What is currently interesting me about researching stories is that it seems like a natural way of exploring identity. It’s through stories that we create our identities and the identities of others (Kenny, 2005). Stories are a way of making sense of time, of looking back, looking at the present and looking forward, we construct our identities through this constantly shifting perception of our time line. As part of my study I hope to explore how improvisation becomes integrated into ‘musical identity’ (the musical story of our lives), exploring what part it plays in the stories of music students and how taking improvisation classes contributes to those stories. So, at the moment, narrative inquiry seems to be a good fit for my study, although it is early days.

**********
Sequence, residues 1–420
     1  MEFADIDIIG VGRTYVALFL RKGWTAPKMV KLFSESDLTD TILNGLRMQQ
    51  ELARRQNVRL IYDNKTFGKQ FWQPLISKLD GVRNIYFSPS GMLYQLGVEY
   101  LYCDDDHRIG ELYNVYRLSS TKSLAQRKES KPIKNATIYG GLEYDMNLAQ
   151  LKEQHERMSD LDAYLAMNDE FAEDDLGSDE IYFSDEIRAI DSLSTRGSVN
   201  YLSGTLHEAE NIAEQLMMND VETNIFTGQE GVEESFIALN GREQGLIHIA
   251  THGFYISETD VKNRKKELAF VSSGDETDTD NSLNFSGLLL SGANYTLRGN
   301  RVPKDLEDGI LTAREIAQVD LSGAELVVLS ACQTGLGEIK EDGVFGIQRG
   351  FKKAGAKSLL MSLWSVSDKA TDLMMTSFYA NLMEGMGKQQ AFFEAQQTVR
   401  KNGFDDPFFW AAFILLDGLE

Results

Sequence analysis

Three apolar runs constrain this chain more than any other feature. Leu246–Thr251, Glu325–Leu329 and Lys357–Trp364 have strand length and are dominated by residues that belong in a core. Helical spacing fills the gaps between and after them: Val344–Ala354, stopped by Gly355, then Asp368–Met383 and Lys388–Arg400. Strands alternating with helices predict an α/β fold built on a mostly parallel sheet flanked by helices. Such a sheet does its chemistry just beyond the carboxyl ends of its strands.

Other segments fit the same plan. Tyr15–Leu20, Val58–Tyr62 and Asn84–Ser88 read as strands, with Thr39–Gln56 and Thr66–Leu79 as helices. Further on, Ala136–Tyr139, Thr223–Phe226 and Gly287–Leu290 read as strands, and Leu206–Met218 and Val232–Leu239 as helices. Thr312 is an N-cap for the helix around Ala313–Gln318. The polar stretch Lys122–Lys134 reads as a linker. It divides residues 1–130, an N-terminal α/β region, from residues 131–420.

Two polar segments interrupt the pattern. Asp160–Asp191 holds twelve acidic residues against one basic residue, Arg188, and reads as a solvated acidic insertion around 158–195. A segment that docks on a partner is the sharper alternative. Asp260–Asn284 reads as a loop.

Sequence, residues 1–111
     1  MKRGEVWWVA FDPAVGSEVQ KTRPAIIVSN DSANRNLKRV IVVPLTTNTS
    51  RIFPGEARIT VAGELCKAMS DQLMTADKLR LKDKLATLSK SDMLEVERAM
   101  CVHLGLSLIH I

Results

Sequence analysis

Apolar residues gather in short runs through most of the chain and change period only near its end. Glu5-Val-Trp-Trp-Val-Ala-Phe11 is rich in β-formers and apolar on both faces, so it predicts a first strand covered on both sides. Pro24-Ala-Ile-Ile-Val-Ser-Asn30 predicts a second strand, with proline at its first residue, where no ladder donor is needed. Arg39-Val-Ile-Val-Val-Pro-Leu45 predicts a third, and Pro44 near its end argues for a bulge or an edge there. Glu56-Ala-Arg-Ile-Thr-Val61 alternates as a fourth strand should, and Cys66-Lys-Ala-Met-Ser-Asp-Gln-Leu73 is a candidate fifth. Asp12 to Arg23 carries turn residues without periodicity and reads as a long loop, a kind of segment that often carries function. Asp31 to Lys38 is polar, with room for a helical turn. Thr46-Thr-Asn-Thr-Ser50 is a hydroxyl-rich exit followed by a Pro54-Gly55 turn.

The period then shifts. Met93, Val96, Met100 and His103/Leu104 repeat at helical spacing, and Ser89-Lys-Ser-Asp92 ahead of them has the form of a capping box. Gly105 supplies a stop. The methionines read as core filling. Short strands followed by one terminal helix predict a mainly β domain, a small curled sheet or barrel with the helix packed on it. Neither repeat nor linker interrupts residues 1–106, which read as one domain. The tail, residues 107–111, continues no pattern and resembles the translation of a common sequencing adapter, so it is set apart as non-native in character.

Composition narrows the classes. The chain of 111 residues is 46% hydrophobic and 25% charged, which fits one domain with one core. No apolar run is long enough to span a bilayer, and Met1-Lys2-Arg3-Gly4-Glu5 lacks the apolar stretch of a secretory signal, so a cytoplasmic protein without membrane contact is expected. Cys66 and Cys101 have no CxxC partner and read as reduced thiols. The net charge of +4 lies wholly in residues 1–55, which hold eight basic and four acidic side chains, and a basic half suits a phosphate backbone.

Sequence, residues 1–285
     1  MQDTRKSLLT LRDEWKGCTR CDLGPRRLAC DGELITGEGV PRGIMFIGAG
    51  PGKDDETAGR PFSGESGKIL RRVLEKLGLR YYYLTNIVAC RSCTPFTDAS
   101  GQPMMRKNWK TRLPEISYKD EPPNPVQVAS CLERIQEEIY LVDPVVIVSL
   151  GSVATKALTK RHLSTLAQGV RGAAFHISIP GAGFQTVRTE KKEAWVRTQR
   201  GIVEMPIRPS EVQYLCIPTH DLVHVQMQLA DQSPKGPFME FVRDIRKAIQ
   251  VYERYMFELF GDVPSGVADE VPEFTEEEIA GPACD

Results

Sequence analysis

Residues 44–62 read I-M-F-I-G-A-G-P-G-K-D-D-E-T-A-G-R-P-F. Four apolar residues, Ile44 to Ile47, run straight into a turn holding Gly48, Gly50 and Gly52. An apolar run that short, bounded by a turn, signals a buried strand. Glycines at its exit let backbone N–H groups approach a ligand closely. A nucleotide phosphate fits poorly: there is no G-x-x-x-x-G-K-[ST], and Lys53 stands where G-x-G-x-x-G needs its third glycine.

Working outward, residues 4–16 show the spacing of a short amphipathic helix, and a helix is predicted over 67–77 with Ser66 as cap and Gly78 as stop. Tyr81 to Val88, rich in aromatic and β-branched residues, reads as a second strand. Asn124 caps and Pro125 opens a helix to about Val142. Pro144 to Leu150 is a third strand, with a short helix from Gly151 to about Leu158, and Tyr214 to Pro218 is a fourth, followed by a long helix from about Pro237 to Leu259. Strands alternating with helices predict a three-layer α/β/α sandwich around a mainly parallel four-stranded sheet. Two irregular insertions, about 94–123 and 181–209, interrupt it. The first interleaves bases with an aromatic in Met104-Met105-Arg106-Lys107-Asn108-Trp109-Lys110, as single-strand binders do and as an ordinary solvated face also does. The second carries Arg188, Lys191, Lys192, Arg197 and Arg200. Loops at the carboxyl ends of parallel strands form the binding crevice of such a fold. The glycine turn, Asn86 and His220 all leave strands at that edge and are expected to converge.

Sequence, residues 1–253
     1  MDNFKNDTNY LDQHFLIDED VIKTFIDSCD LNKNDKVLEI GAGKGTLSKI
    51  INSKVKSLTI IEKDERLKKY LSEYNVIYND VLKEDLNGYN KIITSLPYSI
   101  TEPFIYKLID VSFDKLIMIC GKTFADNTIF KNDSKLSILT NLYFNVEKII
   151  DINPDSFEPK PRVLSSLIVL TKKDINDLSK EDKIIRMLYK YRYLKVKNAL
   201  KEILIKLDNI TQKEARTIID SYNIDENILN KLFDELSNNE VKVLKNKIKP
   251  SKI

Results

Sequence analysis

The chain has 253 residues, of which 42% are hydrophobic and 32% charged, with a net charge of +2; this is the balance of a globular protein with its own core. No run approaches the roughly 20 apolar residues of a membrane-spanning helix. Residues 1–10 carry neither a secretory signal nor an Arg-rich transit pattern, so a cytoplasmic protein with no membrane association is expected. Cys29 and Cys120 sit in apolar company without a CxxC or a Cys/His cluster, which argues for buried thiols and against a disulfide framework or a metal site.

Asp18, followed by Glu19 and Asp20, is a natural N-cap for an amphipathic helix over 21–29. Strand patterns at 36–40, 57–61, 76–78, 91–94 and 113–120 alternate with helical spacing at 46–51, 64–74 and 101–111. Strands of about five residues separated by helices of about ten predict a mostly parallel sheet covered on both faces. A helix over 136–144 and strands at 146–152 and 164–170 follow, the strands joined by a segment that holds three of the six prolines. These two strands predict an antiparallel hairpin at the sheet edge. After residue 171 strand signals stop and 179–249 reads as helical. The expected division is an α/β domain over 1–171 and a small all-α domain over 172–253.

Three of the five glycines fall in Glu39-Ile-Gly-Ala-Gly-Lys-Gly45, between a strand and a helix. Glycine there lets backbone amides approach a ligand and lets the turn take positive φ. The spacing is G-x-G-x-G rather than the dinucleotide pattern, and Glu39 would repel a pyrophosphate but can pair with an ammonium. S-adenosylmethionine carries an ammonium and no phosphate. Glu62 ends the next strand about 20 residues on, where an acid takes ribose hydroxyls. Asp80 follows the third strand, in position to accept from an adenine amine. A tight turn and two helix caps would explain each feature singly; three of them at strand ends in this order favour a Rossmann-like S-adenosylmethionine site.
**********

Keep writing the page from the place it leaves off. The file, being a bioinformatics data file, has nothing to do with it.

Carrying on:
Recently I’ve found myself telling people stories about my improvisational musical journey. In different contexts with different peoples, I’ve caught myself re-counting the time I learnt this, or did that, in music improvisation. It’s as if my own narrative of music improvisation is coming to mind and informing the path and direction of my research. One story I recently told was about GCSE music (aged 14-15). I took my GCSE’S in 1988 in the first year of the new syllabus. In music education at secondary school level it was a time of experiment and change, and a move away from the western classical approach of the traditional O level. The syllabus I took at GSCE was heavily influenced by John Paynter and Peter Aston (1970), the radical music educators who advocated the teaching of music through exploration and improvisation (authors I have mentioned several times in this blog). The music GSCE explored creating compositions through improvisation. I wrote many compositions during my GCSE music, some of which I can still remember and play on the piano. However, as well as writing some compositions out on manuscript I also submitted improvisations (and pretended to my teacher and to the exams board that they were compositions). I simply recorded the improvisations, made up a title for them and sent them in for my final course work. It wasn’t until I was re-counting this narrative to my Supervisors that I thought, why did I do that, and what was behind it? Possibly I didn’t understand the point of formalising my music, when it seemed perfectly fine as a spontaneous creation, or I might have been acting as a typical teenager and doing as little work as possible in order to pass the course. However, the punch line is that my music teacher (a wonderful women called Dorothy Gallagher) attended a music teachers day for the county on the course work and compositions and I received the highest mark in the county for my improvisations (sorry compositions)! In a way this story also highlights how difficult it can be to make the divide between composition and improvisation in music, that they are one and part of the same picture.